Kitty Fisher & The Arañitas
This body of work began with research into San Antonio’s history, when digging through archives trying to find instances of women remembered in history, I found the first recorded instance of prostitution in Texas was here in San Antonio in 1817. Nine Spanish speaking prostitutes were arrested and expelled from what was then San Fernando de Béxar. No mention was made of their male clients receiving any disciplinary action in turn.
Prostitution is often referred to as “the world’s oldest profession”, Sumerian history records date back as early as 2400 BCE. We can assume that though the first recorded instance of prostitution in Texas was in 1817, women in this profession have been here for far longer.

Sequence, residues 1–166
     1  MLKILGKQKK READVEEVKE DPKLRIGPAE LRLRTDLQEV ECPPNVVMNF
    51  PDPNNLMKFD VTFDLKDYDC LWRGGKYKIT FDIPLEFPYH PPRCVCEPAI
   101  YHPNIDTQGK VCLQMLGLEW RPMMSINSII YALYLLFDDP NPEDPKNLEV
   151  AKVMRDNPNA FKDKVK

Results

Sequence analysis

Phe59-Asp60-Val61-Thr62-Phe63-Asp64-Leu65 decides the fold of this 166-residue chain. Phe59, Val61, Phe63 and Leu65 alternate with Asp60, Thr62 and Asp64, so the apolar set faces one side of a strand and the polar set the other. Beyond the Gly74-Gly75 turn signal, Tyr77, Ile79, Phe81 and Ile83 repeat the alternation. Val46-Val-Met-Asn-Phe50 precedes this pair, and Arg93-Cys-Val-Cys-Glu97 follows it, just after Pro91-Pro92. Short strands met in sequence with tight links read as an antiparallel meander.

Many of the first prostitutes in what is now Texas, were Spanish speakers. The nine spiders in my piece represent the nine women expelled from San Fernando de Béxar. The world araña, or spider, is an old-fashioned Spanish slang for prostitute. Spiders show up so often in different cultures as symbols for ferocious women; weavers, mothers and even murderesses. The seemingly human predilection to tie spiders to women is something I find very empowering.
The quilted lace web the spiders are perched is a twofold tie to “women’s work”. Both lace work and the quilt are traditionally the domain of women’s making, considered craft and are therefore seen as less important than painting historically. Using handmade lace in a quilt-like format is a sign of respect for the many forgotten women who excelled in these art forms. The lace too is a nod to the wealth and glamour of many of the early prostitutes in the West. These working women were often the wealthiest and best dressed among the small towns. Their power and economic contributions built roads, villages and played an important part in the growth and development of America.